Analysis: There is not much to this winsome one-shot, but there needn’t be. Any sighting of Alfred these days is a boon, and the narrative emphasizes their relationship as one that remains the purest one in Batman’s life.


Story #3: Birds of Prey “Memory Lane” Part 3 by writer Che Grayson and artist Serg Acuña

Synopsis: The next story in Batman: Urban Legends #16 sees Katana holding the Soultaker sword to Lady Shiva’s throat, and Shiva confesses that she hired the Birds of Prey at the behest of Richard Roe himself. She wants money to retrieve her daughter. They clash, and Miracle Molly separates them.

There is panic in Gotham due to the “metavirus” sparked by the app. The team prepares themselves to leave but is thwarted by Miracle Molly herself, who leaves with Noah Grove. Katana is injured badly. Molly delivers Noah to Richard and his partner Ladeline Dusk. Ladeline expresses anger that Roe took the credit for her work. She removes Noah’s face, which changes features. Elsewhere, Katana is fading, but Shiva surprises them all with healing powers that she uses to save Katana.

A week later, Richard Roe is dead and Shiva swears revenge on Miracle Molly.


Analysis: This story generally feels fine if not exceptional. There is little of the Birds of Prey in here, and it is surprising in the final installment to see Miracle Molly revealed as a fairly flat and common villain. She is a much more complex character than that, at least as envisioned by James Tynion IV in the Fear State arc of Batman.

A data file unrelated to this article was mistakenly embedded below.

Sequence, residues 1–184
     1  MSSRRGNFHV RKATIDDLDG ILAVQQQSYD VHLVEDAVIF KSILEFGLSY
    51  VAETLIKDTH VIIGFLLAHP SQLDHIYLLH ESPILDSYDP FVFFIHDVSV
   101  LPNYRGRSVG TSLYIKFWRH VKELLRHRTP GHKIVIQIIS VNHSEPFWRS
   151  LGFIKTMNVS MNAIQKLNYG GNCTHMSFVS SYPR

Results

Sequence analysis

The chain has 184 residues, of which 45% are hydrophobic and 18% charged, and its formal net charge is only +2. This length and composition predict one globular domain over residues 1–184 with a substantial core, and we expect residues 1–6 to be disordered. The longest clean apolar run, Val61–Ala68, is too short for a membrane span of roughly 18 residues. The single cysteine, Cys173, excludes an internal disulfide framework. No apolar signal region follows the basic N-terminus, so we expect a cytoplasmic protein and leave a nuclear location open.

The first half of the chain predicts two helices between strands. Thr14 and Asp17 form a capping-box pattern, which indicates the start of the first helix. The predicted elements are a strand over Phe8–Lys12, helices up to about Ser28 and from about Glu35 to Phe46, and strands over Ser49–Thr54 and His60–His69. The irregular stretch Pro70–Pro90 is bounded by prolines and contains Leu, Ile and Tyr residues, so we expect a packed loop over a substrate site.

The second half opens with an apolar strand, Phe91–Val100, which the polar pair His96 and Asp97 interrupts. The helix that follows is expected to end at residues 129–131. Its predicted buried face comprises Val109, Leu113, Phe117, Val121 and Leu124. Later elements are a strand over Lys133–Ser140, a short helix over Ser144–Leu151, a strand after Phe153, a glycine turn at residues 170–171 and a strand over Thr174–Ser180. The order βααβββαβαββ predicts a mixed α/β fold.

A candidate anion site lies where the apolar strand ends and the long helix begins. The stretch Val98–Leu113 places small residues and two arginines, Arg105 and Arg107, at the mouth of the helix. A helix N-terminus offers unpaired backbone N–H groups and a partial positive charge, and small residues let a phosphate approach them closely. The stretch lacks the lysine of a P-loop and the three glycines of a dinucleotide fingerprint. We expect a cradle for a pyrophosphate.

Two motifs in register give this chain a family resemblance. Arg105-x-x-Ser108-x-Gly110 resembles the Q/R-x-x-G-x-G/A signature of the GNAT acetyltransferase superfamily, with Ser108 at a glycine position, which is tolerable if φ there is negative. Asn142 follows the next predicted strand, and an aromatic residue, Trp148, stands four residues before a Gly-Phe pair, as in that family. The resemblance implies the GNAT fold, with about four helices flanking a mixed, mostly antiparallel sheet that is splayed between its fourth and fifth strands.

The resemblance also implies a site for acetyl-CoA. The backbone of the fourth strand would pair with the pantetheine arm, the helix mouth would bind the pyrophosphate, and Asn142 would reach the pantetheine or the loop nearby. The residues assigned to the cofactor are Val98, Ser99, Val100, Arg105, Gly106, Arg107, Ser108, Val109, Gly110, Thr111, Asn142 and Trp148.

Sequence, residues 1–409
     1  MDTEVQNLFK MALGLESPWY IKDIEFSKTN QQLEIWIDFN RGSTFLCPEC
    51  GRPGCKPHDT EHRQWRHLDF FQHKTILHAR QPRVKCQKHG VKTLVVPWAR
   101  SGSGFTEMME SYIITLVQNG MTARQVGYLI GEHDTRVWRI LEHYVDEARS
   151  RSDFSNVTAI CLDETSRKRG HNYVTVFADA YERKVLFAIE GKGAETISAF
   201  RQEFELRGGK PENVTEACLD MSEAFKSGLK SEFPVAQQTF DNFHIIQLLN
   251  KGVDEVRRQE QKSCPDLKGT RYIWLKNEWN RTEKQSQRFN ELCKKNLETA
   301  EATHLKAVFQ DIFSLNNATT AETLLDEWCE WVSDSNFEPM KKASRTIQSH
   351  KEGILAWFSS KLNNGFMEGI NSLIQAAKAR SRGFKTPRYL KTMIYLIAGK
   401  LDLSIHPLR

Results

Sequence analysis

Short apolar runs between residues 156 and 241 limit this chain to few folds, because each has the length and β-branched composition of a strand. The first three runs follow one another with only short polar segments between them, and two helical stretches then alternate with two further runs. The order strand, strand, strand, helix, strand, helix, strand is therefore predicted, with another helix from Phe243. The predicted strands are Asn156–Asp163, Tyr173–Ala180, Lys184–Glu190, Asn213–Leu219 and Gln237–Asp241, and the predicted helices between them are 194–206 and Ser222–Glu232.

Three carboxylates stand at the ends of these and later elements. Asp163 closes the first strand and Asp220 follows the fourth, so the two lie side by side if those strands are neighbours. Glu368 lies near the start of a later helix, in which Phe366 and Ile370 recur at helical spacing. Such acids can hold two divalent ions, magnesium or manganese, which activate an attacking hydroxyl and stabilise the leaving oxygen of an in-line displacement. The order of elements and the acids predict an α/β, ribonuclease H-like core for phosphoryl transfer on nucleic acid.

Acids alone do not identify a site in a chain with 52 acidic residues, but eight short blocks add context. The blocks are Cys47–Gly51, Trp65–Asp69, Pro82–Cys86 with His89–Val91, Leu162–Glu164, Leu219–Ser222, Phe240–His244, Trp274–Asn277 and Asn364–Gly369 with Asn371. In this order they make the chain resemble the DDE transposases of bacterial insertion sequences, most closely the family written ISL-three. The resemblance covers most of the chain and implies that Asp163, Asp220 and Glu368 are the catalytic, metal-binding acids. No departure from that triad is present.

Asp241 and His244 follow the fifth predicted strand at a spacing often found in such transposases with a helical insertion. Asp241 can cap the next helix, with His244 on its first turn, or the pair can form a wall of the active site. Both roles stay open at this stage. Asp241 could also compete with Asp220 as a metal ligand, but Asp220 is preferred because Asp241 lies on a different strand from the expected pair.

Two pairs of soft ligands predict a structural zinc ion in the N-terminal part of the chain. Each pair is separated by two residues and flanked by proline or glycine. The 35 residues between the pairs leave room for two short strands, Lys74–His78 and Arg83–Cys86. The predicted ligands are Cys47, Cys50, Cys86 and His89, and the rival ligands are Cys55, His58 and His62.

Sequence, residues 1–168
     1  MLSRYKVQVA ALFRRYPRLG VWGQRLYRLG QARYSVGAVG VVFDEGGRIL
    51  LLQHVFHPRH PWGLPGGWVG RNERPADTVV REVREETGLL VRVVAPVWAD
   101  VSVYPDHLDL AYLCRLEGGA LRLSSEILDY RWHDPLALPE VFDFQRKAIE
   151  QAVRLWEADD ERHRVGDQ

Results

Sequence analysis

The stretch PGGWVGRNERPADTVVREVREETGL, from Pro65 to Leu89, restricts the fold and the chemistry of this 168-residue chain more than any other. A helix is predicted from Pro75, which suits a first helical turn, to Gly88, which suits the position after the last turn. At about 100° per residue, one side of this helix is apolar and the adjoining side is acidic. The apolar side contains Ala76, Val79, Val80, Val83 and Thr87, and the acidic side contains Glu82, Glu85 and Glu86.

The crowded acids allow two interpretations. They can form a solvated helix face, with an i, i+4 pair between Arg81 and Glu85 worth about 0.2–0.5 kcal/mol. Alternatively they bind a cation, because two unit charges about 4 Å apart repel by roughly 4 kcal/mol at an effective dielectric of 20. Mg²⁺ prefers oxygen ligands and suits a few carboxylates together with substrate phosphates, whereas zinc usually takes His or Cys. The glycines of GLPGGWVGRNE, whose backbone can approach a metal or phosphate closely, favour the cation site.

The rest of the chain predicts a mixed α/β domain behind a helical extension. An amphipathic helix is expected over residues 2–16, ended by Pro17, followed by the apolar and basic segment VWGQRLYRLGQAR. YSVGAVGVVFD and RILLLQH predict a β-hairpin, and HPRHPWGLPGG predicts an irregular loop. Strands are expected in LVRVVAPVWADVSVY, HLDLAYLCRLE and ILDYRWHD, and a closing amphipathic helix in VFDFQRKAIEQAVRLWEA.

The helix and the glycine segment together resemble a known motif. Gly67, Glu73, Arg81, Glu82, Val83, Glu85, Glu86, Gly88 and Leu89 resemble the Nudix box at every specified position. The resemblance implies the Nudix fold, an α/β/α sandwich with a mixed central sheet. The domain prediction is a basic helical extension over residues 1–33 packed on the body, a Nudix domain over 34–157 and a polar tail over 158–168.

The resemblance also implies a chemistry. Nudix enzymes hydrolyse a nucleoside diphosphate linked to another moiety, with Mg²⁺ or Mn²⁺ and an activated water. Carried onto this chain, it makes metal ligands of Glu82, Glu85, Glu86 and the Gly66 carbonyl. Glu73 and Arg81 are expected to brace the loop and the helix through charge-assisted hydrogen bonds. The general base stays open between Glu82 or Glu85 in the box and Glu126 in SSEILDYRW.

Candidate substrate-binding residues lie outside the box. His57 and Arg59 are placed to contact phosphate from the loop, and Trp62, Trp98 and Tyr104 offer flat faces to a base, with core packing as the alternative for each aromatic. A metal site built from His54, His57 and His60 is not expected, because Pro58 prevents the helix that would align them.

Story #4: Ace the Bat-Hound in “Hounded” Part 6 by writer Mark Russell and artist Karl Mostert

Synopsis: The final story in Batman: Urban Legends #16 sees Batman and the bear inflict serious wounds on each other. Neither is motivated to fight, but cattle prods enrage the bear, forcing Batman to defend himself. Mr. Tarkov orders the bear destroyed, and Batman takes down the putative executioner. Mr. Tarkov launches into another Tolstoy story. The bidding resumes, and Joker wins with a $40 million bid. Thugs begin to kick Batman, but then Ace appears. The turtle hurtles into a thug, and the bear gets loose.

The squirrel helps explode the boiler, and in the aftermath Licks Luthor goes after some thugs. Batman is too badly injured to depart, but Ace drags him through a coal chute. Back at Wayne Manor, the Flash adopts the turtle, and the bear and the squirrel have a new home on Wayne Manor grounds.


Analysis: There is nothing seriously wrong with this story save that it should have been two to three parts at most. It is always nice to see non-human animal companions with their found family, and they can certainly do worse than Bruce Wayne.


Editor’s Note: DC Comics provided TBU with a copy of this comic for review purposes. You can find this comic and help support TBU in the process by purchasing this issue digitally on Comixology through Amazon or a physical copy of the title through Things From Another World.

Batman: Urban Legends #16

Overall Score


It is a relief to have two over-long six-part stories come to a close. Hopefully the book can pick up from here, as it has struggled.